Yet his influence extends far beyond adult learning.
Other perspectives[ edit ] A number of critical responses to Mezirow's theory of transformative learning have emerged over the years.
Some studies support Mezirow.
Others conclude that Mezirow grants rational critical reflection too much importance. Taylor  has since suggested neurobiological research as a promising area that may offer some explanation about the role emotions play, closing the gap between rationality and emotion in the transformative learning process.
Taylor implies that, with available modern technology such as magnetic resonance imaging MRI and positron emission tomography PETthese once obscure factors can now be examined through determining which neurological brain systems are at work during disorienting dilemmas and the journey of recovery that follows.
This neurobiological research also stresses the importance of the role of implicit memoryfrom which emerge habits, attitudes and preferences that are related to unconscious thoughts and actions.
While the learning process is certainly rational on some levels, it is also a profound experience that can be described as a spiritual or emotional transformation as well. The experience of undoing racist, sexist, and other oppressive attitudes can be painful and emotional, as these attitudes have often been developed as ways to cope with and make sense of the world.
This type of learning requires taking risks, and a willingness to be vulnerable and have one's attitudes and assumptions challenged. Other theorists have proposed a view of transformative learning as an intuitive and emotional process.
Gordon Myers, and Rosemary R. Ruether link Mezirow's rational, cognitive and analytical approach to a more intuitive, creative and holistic view of transformative learning. For Boyd, transformation is a "fundamental change in one's personality involving [together] the resolution of a personal dilemma and the expansion of consciousness resulting in greater personality integration".
More recent research has specifically explored the process of transformative learning as it occurs in bereaved elders,  maintaining that the "disorienting dilemma" deemed necessary by Mezirow is present in the loss of a loved one, with an additional devastating factor being the isolation that the elderly in particular are likely to face.
Another study considers transformative learning in the context of suicide bereavement. Unlike Mezirow, who sees the ego as playing a central role in the process of perspective transformation, Boyd and Myers use a framework that moves beyond the ego and the emphasis on reason and logic to a definition of transformative learning that is more psychosocial in nature.
It is a shift of consciousness that dramatically and irreversibly alters our way of being in the world. Such a shift involves our understanding of ourselves and our self-locations; our relationships with other humans and with the natural world; our understanding of relations of power in interlocking structures of class, race and gender; our body awareness, our visions of alternative approaches to living; and our sense of possibilities for social justice and peace and personal joy.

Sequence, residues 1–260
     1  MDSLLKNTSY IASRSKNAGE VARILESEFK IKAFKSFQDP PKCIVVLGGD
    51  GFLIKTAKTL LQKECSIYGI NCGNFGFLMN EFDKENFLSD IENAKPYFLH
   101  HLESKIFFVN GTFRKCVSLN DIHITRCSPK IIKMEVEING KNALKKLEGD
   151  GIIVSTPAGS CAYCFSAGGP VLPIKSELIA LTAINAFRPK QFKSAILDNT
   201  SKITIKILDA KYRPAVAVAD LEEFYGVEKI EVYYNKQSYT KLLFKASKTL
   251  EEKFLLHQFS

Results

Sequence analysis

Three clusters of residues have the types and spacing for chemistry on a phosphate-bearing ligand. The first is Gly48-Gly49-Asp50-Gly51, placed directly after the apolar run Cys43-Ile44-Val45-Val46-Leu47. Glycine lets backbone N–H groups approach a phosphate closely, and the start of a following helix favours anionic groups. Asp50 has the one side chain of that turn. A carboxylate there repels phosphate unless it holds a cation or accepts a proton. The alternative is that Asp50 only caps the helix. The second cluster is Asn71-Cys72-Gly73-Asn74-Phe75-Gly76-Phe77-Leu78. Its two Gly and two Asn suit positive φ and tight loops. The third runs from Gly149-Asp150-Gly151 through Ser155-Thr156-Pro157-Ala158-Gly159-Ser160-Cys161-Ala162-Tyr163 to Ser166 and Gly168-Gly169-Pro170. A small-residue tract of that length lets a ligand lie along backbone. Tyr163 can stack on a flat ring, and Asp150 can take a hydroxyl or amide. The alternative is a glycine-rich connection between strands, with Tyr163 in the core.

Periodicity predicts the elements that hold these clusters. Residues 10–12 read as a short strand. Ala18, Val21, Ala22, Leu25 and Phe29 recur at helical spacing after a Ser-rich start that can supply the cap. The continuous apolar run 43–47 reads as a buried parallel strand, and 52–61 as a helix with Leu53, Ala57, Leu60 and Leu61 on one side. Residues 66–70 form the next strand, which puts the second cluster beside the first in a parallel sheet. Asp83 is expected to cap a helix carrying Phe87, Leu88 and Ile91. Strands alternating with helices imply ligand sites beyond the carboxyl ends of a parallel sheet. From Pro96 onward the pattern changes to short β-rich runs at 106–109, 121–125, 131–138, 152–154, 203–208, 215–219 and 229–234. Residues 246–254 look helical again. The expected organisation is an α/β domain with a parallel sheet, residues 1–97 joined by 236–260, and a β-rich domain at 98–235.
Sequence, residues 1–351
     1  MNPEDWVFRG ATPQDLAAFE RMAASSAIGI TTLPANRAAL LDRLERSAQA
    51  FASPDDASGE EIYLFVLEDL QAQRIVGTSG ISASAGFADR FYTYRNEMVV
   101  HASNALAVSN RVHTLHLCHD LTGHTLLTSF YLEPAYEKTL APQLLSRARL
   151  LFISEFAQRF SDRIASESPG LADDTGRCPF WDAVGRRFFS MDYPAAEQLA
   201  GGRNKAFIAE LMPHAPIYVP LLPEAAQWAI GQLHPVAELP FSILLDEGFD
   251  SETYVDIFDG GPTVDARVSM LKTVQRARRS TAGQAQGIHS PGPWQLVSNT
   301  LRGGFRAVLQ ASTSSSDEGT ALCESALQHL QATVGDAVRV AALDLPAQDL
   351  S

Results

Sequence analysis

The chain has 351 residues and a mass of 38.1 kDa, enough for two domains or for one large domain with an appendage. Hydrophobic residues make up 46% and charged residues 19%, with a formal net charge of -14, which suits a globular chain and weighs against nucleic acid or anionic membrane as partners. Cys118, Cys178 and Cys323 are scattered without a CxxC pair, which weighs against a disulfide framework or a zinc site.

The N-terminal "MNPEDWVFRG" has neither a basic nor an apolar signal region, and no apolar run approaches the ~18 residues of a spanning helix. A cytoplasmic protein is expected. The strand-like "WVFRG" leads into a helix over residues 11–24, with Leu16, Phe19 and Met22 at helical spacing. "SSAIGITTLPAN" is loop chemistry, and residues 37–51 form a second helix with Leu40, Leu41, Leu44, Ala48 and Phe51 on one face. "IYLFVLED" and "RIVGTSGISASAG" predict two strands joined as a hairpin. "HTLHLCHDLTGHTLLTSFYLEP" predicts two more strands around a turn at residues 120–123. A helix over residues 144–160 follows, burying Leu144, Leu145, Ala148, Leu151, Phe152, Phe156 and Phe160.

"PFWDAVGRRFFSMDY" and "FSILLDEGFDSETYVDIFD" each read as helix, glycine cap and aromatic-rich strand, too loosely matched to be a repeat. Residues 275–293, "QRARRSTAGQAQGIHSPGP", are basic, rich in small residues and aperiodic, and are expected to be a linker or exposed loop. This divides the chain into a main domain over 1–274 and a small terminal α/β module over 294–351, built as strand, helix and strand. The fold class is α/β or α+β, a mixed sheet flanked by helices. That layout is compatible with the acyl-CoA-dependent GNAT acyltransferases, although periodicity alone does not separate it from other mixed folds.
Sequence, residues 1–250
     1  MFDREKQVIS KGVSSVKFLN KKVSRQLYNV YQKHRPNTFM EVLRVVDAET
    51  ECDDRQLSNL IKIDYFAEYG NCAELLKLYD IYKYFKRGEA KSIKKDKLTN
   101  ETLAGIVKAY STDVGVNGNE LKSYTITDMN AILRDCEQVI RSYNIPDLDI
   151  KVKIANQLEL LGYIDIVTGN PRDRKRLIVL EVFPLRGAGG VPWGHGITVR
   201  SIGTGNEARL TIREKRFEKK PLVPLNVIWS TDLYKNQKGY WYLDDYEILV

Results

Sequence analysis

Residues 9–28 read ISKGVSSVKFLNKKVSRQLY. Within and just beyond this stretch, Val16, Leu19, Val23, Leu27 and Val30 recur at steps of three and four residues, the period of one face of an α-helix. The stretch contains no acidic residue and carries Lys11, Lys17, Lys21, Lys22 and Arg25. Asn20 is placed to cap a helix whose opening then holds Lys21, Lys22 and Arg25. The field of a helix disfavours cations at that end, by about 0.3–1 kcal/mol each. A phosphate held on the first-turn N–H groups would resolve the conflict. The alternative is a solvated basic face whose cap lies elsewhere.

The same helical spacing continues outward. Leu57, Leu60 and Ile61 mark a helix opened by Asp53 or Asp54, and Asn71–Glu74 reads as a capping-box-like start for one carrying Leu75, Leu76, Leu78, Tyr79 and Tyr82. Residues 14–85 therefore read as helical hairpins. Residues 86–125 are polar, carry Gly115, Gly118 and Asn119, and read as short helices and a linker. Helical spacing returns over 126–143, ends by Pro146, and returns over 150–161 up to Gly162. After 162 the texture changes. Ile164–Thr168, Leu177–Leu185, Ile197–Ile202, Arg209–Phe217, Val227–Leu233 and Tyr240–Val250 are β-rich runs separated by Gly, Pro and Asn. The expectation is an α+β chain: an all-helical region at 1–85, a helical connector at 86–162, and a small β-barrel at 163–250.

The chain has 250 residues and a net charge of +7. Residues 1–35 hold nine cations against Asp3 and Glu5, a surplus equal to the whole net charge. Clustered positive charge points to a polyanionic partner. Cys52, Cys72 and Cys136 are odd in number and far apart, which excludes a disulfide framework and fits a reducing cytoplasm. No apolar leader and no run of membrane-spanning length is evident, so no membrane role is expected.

Positing that understanding transformative learning may have been hindered by perspectives of rational thought and Western traditions, Kathleen P.
King   provides an alternate model grounded in a meta-analysis of research, the "Transformative Learning Opportunities Model".
Recent considerations of these varying perspectives seem to indicate that one perspective does not need to exclude the other. For example, Mezirow and Dirkx discussed their views on transformative learning at a International Transformative Learning Conference.
This dialogue, facilitated by Patricia Cranton, continued via email after the conference and the overview was published in the Journal of Transformative Education.Jack Mezirow Seven Phases Transformational Change Theory Transformational Learning Theory of Adult Education Introduction Transformational learning is a relatively new and thoroughly modern yet evolving learning theory, with timeless implications for the educator.
formative learning theory from the perspective of Jack Mezirow. Also discussed are the conditions that need to be present, from his nation for change in meaning structures that evolves in two do- following phases (Mezirow , p.
50): 1. A disorienting dilemma. formative learning theory from the perspective of Jack Mezirow. Also discussed are the conditions that need to be present, from his nation for change in meaning structures that evolves in two do- following phases (Mezirow , p.
A disorienting dilemma. Following Mezirow: A Roadmap through Transformative Learning.
Posted on October 8, This is perhaps one of the reasons why Jack Mezirow’s theories of Transformative Learning tend to be overlooked in the modern scope of training and education. Mezirow’s Transformational Learning. The Transformative Learning Theory was first articulated by Jack Mezirow of Columbia University after researching factors related to the success, or lack of, of womens’ reentry to community college programs in the 's, with the resulting conclusion that a key factor was perspective transformation.
The article begins with Mezirow's explanation of the stages of transformative learning, continues with the influences on the theory, transitions into the criticisms, and concludes with a discussion of its evolution and development.